This year the Dramat freshman production is Stephen Adly Guirgis’ “Jesus Hopped the A Train.” Each member of the cast and crew belongs to the class of 2007. The script is deliciously complex and the set and the music help the viewer imagine the setting of Riker’s Island Prison in the late 1990s. But overwhelmingly, the show has a patina of freshman greenness and uncertainty. Props are employed conservatively and reluctantly, and often the actors seem rushed and insincere when delivering their lines. Though Guirgis’ script is emotional and complex enough to make the production entertaining overall, individual missteps mar the quality of the piece.
The play runs an hour and 40 minutes without an intermission. The story unfolds through a complicated sequence of intertwining monologues and vignettes regarding life at Riker’s Island.
Besides learning about the hopes and struggles of main inmates, Lucius Jenkins (Louis Daniels ’07) and Angel Cruz (Dennis Tristani ’07), the audience is offered an extensive view into the life of defense attorney Mary Jane Hanrahan (Katie Reynolds ’07) and receives a more limited snapshot of prison guard Charlie D’Amico (John Peretti ’07).
The dense content requires that many lines be said and many developments created in under two hours. But the actors sometimes appear a little too cognizant of this fact and over-eager to quicken the pace. Daniels, particularly, talks at the speed of a high school debater; thus he is sometimes hard to understand.
Reynolds, Tristani, and Daniels all stumble over words at times because of their rapid vocal velocities. Real people misspeak every day; Freudian slips are an embarrassing fact of life. But this is theater. Audiences are used to watching painstakingly edited shows and movies in which actors orate flawlessly.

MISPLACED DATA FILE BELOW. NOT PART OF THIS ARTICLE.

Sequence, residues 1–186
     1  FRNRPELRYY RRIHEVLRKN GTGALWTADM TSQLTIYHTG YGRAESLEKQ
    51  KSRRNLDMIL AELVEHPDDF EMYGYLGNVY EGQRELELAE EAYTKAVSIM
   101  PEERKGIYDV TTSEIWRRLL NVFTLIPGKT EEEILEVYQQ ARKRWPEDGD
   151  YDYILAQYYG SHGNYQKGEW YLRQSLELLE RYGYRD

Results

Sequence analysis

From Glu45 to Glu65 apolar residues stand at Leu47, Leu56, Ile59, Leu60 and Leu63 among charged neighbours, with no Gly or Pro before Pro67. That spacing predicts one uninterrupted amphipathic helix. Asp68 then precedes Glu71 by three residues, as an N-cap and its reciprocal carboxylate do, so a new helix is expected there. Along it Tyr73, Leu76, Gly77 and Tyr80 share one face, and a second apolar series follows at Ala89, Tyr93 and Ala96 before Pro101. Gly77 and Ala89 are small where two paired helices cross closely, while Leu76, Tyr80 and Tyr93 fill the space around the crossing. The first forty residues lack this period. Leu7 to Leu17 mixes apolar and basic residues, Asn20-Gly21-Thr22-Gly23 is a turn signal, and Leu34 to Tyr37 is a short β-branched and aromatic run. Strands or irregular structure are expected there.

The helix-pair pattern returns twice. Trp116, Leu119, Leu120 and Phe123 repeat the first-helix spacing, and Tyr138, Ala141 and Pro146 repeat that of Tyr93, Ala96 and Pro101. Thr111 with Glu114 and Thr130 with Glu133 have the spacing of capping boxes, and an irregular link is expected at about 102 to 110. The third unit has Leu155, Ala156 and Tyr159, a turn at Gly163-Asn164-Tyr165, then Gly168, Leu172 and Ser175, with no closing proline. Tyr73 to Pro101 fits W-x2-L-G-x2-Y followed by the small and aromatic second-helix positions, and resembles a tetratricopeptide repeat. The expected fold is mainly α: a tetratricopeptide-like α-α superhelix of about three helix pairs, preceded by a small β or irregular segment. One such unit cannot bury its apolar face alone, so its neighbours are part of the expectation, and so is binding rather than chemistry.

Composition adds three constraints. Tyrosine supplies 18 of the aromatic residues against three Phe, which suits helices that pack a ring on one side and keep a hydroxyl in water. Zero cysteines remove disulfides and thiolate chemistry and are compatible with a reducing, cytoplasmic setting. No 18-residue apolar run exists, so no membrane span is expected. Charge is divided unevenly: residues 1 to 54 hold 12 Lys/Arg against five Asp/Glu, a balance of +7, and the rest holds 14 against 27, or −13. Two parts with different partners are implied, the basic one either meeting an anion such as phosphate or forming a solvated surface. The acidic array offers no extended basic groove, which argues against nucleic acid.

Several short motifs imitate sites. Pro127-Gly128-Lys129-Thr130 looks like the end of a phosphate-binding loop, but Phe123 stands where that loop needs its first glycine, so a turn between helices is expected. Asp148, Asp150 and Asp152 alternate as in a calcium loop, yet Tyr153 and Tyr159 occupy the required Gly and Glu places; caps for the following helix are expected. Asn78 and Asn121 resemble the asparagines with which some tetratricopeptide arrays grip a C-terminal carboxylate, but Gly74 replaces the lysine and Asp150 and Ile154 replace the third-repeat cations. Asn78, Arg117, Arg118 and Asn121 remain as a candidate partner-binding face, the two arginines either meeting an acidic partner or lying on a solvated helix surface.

In addition, the awkward use of props and blocking detracts from the play’s quality. Valdez (Alex Munns ’07), an unfriendly prison guard, treats Angel Cruz and Lucius Jenkins poorly. In one scene, Valdez supposedly spits in Angel’s face. The two stand so that the audience has an unobstructed view of both faces, and thus playgoers are privy to the most arid loogey ever hocked. Simply put, the spitting is all sound and no saliva; the staging of the actors did nothing to alleviate the artificial nature of the interaction.
Also, throughout the play, both Lucius and Angel “smoke” cigarettes. Because the play is performed in Trumbull’s Nick Chapel, where smoking is prohibited, the actors merely finger the cigarettes with the finesse of children playing with those stogey-shaped sticks of bubble gum. When the inmates throw the supposedly spent cigarettes to the ground and squash them with their shoes, the cigarettes flatten and spill out their untouched contents — a distracting maneuver.
In the same way that improperly employed props reinforce the fact that the story is merely fiction, poor costuming and makeup reinforce the idea that these people are merely pretending to be characters. For example, Lucius Jenkins is continually harassed by guards and inmates for being emaciated and sickly. Jenkins has HIV and, according to the insults he receives, supposedly the disease has wreaked havoc on his body, making him puny and atrophied. But Daniels, who plays Jenkins, looks as though he’s no stranger to Payne Whitney. Clothing more modest than a thin wife-beater and the skillful employment of makeup would alleviate this problem.
Perhaps the act of watching theater requires a “willing suspension of disbelief” on the part of the viewer.
Perhaps the theatergoer’s job is to fill in the blanks when the script calls for the actors’ doing something that would be repulsive. But “Jesus Hopped the A Train” is no “Our Town.” Because the play addresses serious themes like religion, the harshness of prison, and the efficacy of the American justice system, cutting corners in acting out the grittiness of the script feels incongruous.
The lackadaisical use of objects sometimes makes the play feel more like an attenuated mime than the heart-rending, full-volume drama it deserves to be. The script is superb, and the production is redeemed by the quality of the story told, but certain problems make this production of the play only memorable and not inspirational.